Conclusion: Milk APN concentration declines throughout lactation. Maternal milk APN may play a vital role in the growth and development of breastfed infants, particularly closely associated with infant weight. Infant serum APN clearly correlated with maternal milk APN.
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May 2011

[Alteration in serum contents of P-selection and nitric oxide synthase in patients serum during traumatic shock and its clinical implication].

Zhongguo Wei Zhong Bing Ji Jiu Yi Xue 2006 Sep;18(9):562

Department of Surgery, 184th Hospital of PLA, Yingtan 335000, China.

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September 2006

[Essential fatty acid and immune responses].

Zhongguo Dang Dai Er Ke Za Zhi 2006 Apr;8(2):169-71

Children's Hospital, Fudan University, Shanghai 200032, China.

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April 2006

[Establishing the norm of cognitive adaptive test/clinical linguistic and auditory milestone scale in the children from 4 to 36 months of age in Shanghai, China].

Zhonghua Er Ke Za Zhi 2005 Oct;43(10):782-6

Rehabilitation Center for Children, Children's Hospital Affiliated to Shanghai Jiaotong University, Shanghai 200040, China.

Objective: To meet the need for instrument assessing the cognitive abilities of infants and young children as well as discriminating between global developmental delay and particular deficits in either language or problem-solving skills, we intended to introduce Cognitive Adaptive Test/Clinical Linguistic and Auditory Milestone Scale (CAT/CLAMS) into China.

Methods: CAT/CLAMS were administered to 1604 normative children aged 4-36 months (in 16 age groups, about 100 children per age group) in Shanghai during the period from December 2003 to June 2004. In the meantime, Gesell Developmental Diagnosis was applied for 100 of these children, respectively aged 4, 6, 12, 18 and 30 months (20 children per age group). Interclass correlation coefficients (ICC) were adopted to analyze data in terms of inter-rater reliability and re-test reliability of the scales of CAT/CLAMS. Cronbach alpha coefficients were calculated to assess the inter consistency of the scales. Pearson correlation coefficients(r) were adopted to analyze the concurrent validity of the scales. The normative percentile graphs of CAT/CLAMS in the children from 4 to 36 Months of age in Shanghai, China were adopted.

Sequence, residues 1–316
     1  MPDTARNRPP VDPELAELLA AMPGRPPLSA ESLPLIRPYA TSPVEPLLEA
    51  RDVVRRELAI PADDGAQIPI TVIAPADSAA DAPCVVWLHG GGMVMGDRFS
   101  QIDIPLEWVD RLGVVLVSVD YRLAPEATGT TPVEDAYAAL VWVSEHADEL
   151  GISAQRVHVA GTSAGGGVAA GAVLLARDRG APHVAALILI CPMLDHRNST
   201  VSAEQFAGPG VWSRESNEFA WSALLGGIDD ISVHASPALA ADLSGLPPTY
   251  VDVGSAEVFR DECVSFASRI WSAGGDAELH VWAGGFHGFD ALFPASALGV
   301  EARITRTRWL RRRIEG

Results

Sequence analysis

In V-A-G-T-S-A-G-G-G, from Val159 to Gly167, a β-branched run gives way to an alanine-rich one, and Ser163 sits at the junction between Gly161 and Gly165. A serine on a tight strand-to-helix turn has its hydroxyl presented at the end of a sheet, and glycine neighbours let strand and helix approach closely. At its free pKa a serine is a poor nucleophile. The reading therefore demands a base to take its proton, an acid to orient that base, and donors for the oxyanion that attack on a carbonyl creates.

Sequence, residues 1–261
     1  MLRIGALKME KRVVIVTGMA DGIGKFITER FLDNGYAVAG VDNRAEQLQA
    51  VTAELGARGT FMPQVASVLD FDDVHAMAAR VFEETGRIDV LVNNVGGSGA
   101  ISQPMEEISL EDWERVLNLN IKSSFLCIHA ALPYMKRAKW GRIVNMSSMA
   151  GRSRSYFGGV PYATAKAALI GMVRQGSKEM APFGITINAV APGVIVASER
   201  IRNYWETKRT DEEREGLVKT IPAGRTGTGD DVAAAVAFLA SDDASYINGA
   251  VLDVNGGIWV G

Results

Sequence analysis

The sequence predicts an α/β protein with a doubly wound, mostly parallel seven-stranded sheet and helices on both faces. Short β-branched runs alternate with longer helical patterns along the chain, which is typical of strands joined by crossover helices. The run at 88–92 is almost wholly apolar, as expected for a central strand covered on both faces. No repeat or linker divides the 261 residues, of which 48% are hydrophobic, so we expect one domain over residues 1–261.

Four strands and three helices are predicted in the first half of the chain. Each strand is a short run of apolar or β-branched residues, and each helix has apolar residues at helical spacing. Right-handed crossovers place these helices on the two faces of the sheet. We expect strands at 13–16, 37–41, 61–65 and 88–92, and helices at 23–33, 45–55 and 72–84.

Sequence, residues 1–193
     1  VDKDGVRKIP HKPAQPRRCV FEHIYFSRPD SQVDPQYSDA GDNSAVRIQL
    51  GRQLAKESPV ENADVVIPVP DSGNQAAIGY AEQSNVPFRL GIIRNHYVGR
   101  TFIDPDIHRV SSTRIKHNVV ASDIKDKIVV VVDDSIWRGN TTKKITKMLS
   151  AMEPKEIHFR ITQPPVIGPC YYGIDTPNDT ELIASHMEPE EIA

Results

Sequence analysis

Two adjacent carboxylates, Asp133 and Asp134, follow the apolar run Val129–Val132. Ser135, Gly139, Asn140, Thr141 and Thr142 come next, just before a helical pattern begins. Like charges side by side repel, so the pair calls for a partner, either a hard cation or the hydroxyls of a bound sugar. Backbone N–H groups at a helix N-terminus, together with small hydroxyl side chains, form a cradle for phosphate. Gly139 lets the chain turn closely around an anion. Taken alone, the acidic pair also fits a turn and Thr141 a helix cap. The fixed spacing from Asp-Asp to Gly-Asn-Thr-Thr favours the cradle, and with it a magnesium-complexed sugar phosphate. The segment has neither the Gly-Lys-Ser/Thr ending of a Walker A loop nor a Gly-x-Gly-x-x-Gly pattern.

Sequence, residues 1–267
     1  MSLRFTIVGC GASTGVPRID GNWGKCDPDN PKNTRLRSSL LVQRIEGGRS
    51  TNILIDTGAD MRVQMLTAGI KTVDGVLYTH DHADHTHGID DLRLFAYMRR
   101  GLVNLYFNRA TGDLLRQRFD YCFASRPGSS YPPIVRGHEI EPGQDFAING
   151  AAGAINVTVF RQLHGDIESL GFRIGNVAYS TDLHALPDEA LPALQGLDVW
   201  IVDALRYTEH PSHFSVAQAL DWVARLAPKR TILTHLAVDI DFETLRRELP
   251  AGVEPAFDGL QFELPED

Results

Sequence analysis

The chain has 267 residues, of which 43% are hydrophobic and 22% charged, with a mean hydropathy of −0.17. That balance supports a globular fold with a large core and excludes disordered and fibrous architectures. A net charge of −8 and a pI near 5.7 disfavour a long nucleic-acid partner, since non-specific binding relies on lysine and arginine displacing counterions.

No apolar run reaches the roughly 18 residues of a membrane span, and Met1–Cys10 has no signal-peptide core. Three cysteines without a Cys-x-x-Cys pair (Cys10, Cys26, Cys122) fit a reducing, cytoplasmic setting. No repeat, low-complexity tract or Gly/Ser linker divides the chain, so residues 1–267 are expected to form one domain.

Results: Administrations of the CAT/CLAMS for each subject usually took 10-20 minutes. Individual scores (CLAMS, CAT, and CAT/CLAMS) increased with ages (Pearson correlation coefficients were 0.96, 0.98 and 0.98, respectively, P < 0.01 for all). ICCs (intraclass correlation coefficient) in terms of individual scores for the inter-rater reliability test and the re-test reliability test were respectively > or = 0.96 (P < 0.01) and > or = 0.95 (P < 0.01), all the Cronbach alpha coefficients were > or = 0.98; in 100 children of the 5 age groups, there was significantly positive correlation between CAT/CLAMS and Gesell Developmental Diagnosis in terms of language skill DQ and adaptive skill DQ, and Full Scale DQ (r = 0.517, 0.703, 0.613, respectively, P < 0.01 for all). Moreover, this significant positive correlation was observed in each of the 5 age groups (r = 0.455-0.827, P < 0.05).

Conclusion: CAT/CLAMS is suitable for discriminating between global developmental delay and particular deficits in either language or problem-solving skills. It is a quick, reliable, and valid instrument, with refined and quantified results. It is a good tool for developmental surveillance and screening of infants and young children.
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October 2005